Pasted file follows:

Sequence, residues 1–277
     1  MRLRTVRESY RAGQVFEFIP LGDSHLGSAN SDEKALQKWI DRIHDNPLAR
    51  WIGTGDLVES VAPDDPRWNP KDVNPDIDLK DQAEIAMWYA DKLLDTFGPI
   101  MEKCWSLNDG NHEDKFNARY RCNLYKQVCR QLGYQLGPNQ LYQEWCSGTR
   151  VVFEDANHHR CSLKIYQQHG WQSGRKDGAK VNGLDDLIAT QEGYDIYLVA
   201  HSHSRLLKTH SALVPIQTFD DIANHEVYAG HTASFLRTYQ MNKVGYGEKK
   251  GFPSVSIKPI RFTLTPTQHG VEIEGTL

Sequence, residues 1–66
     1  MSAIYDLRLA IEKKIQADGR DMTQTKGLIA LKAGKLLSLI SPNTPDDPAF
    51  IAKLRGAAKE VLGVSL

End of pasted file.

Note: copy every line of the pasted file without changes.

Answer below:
Sequence, residues 1–277
     1  MRLRTVRESY RAGQVFEFIP LGDSHLGSAN SDEKALQKWI DRIHDNPLAR
    51  WIGTGDLVES VAPDDPRWNP KDVNPDIDLK DQAEIAMWYA DKLLDTFGPI
   101  MEKCWSLNDG NHEDKFNARY RCNLYKQVCR QLGYQLGPNQ LYQEWCSGTR
   151  VVFEDANHHR CSLKIYQQHG WQSGRKDGAK VNGLDDLIAT QEGYDIYLVA
   201  HSHSRLLKTH SALVPIQTFD DIANHEVYAG HTASFLRTYQ MNKVGYGEKK
   251  GFPSVSIKPI RFTLTPTQHG VEIEGTL

Sequence, residues 1–66
     1  MSAIYDLRLA IEKKIQADGR DMTQTKGLIA LKAGKLLSLI SPNTPDDPAF
    51  IAKLRGAAKE VLGVSL